Assuming a defendant's conviction is based on a lie, a second way to scrutinize an informant's testimony is through the appellate process, ensuring that any harm is not only sanctioned, but reversed. However, post-trial analysis is inherently biased against the defendant. Found guilty by a neutral jury, a defendant no longer enjoys the right to presumed innocence. Thus, the court must requires the truth behind the informant's testimony be revealed before the defendant's presumption of innocence expires. Otherwise, a defendant may never regain his balance within the legal system. To reduce the threat of perjured testimony, the remedy may need to be pre-trial.
Courts currently use just such a pre-trial system for expert witnesses, testing their credibility, reliability and reasonableness in a hearing. During these hearings the burden rests on the prosecution. Some argue, however, that these sorts of hearings put the witness on trial. While an expert must back up his credentials, an informant could confront questioning about his criminal past, as well as anything in his life relevant to his credibility. First bullied into testifying, his reward for his civic duty would be airing his dirty laundry in court. This could threaten his trust in and respect for the legal system. Is this really how we want to treat those on whom we rely for justice?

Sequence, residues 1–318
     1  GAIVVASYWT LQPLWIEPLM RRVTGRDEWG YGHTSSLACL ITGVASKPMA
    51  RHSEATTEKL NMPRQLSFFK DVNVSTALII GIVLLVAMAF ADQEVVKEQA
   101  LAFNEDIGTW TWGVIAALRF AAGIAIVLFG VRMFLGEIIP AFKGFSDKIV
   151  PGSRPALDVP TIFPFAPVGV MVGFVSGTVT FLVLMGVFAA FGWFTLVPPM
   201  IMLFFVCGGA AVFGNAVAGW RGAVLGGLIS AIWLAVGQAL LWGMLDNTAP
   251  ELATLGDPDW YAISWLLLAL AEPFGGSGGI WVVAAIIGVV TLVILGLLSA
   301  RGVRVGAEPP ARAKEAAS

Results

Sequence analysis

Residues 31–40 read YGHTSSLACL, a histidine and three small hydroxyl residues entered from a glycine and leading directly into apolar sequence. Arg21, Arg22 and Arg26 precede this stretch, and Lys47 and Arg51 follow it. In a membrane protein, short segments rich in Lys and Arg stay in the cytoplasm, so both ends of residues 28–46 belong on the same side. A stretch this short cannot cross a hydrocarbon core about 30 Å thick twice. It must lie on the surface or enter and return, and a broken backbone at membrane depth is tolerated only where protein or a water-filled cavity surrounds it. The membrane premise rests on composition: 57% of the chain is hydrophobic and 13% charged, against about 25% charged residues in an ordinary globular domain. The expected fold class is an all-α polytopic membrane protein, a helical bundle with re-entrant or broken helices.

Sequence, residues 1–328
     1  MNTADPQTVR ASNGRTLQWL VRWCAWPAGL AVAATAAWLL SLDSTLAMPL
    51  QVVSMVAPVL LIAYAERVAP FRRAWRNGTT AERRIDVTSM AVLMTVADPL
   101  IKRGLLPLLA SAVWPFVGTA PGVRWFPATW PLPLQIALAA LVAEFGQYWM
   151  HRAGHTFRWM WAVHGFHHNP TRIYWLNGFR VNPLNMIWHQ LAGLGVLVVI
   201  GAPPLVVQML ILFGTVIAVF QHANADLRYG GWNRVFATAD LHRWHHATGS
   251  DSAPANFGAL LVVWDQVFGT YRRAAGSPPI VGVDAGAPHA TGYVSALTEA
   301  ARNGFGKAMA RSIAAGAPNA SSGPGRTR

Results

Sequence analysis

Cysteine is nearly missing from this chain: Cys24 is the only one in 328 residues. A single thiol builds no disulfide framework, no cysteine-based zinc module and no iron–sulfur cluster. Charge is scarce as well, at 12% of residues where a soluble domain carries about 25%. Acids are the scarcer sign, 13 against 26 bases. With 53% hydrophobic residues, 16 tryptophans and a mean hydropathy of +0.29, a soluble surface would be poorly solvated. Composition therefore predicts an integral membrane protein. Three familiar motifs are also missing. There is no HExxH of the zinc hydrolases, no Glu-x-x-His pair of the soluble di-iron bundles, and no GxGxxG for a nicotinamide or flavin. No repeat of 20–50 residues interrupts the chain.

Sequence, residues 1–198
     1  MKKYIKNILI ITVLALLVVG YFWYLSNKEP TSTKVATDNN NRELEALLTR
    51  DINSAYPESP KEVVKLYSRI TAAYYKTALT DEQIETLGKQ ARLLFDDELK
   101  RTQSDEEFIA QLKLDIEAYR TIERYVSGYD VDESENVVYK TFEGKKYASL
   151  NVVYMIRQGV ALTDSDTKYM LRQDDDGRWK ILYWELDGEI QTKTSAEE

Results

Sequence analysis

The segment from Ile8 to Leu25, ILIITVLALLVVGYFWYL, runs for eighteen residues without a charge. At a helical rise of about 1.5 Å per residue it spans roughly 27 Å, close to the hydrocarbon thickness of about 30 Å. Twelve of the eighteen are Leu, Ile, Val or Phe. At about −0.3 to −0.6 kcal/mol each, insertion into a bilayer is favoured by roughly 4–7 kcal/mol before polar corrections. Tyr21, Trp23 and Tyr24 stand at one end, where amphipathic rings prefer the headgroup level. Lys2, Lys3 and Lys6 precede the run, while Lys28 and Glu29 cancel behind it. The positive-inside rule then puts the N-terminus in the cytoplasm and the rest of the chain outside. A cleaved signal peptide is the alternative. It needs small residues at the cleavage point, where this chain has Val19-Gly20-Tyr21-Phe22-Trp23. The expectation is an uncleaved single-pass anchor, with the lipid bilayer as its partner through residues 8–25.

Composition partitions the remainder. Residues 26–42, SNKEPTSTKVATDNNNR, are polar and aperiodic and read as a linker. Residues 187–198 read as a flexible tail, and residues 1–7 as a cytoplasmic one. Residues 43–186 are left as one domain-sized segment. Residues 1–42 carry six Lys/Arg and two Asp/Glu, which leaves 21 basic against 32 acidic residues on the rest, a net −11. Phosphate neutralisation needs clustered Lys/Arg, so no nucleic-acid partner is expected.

But, what about those sitting in prison on just this sort of false testimony? Surely this reduces the public's trust in the “system” more than an open vetting process. Some states already require these types of pre-trial hearings. Further, not all witnesses must be subjected to them. Only those receiving government deals would be required to attend. In Illinois, for example, these hearings are limited to “in-custody informants.” Because they are already in prison, the Illinois court concluded that these witnesses have particularly little to lose, and an extraordinary motivation to lie. Therefore, to offer this testimony, the prosecution must prove the witness's reliability pre-trial and by a preponderance of the evidence. Otherwise, it is flatly rejected.
If due process remains the goal, and informant testimony continues to put innocent people behind bars, Illinois may just be onto something.